JERUSALEM/GAZA (Reuters) - A small armed faction in the Gaza Strip fired rockets at Israel on Thursday, drawing retaliatory air strikes and pushing cross-border violence into a third day despite a truce called by the more powerful Palestinian group Islamic Jihad.
The clashes have been the most intense since the Gaza war of November 2012. This time, however, casualties have been scant with winter rains keeping many people indoors, and Israel's Iron Dome interceptor shooting down some of the Palestinian rockets. Most Israeli strikes have hit unmanned militant facilities.
Hamas, the Islamist movement governing Gaza, has also kept its fighters out of this flare-up so far.
The Iranian-backed Islamic Jihad, which often operates independent of Hamas, began the barrage on Wednesday after Israel's forces killed three of its fighters a day earlier.
On Thursday afternoon, Islamic Jihad leader Khaled al-Batsh announced that a deal that had been brokered by Cairo to end the 2012 war was back in effect, provided the Israelis also complied.
"Following intensive Egyptian contacts and efforts, the agreement for calm has been restored," he said on Facebook.
Within hours, however, the Popular Resistance Committee (PRC), a Gaza splinter group, said it had launched eight rockets into Israel. At least four struck open areas and one was downed by Iron Dome, the Israeli military said.
Israel's air force then bombed a PRC camp in southern Gaza and "three other terror sites" to the north, the military said.
TALK OF REOCCUPATION
There was no immediate word of any injuries. On Thursday morning, before the Islamic Jihad cease-fire announcement, three Palestinians were hurt in an Israeli air strike.
On Wednesday, Israel carried out 29 air strikes and its tanks shelled militant targets in Gaza as Islamic Jihad fired 60 rockets. There were no casualties in Wednesday's exchange.
Israel withdrew from Gaza in 2005 after 38 years of occupation, a unilateral move that boosted Hamas, Islamic Jihad and other Palestinian groups hostile to the Jewish state.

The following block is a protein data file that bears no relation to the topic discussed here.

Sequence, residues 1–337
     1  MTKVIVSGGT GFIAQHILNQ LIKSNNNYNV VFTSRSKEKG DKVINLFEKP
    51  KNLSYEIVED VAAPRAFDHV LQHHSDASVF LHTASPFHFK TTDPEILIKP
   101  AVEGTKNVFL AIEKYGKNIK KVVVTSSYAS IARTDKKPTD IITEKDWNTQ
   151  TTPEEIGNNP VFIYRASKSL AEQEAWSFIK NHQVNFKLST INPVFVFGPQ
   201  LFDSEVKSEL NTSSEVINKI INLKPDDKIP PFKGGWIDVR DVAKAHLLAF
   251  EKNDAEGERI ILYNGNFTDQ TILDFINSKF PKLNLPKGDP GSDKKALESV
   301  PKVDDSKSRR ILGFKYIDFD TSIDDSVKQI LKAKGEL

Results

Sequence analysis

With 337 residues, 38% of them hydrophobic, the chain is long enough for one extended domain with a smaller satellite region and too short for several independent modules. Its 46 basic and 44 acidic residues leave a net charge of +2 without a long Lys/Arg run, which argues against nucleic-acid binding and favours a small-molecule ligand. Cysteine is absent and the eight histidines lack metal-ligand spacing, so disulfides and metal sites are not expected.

Since then, there have been several outbreaks of fighting. In recent months, however, Hamas has sought to maintain calm after being weakened by the fall of sympathetic Islamist politicians in Cairo and by the resulting clampdown on arms and commercial smuggling from Egypt to Gaza.
Israel's hard line foreign minister, Avigdor Lieberman, has called for Gaza to be retaken and Hamas crushed. Such actions would prove to be bloody and damaging for peace talks with the rival U.S.-backed Palestinian administration in the occupied West Bank.
"The only solution to this situation of a ceaseless cycle of terror is reoccupation of Gaza and a clean-out of the stables there," Lieberman said on Facebook on Thursday.
Netanyahu, however, sounded more restrained. He vowed Israel would "hit back with increasing force" against anyone who tried to ruin celebrations over the next few days of the Jewish festival of Purim.
Israel did not publicly respond to Islamic Jihad's truce announcement but one of its senior defense officials said earlier on Thursday he expected the fighting to die down soon.
Palestinian sources noted that Hamas had not joined in the rocket attacks, an apparent sign that it hoped to avoid a wider conflict, but it did not immediately act to stop the launches, either.
Islamic Jihad has strong ties with Iran, Israel's arch-foe, and it is the second largest faction in the enclave. Smaller groups include al Qaeda-aligned militants.
Last week Israel's navy seized a ship in the Red Sea. Israeli officials said it was ferrying advanced Iranian-supplied rockets to Gaza.
(Writing by Dan Williams; Editing by Toni Reinhold)
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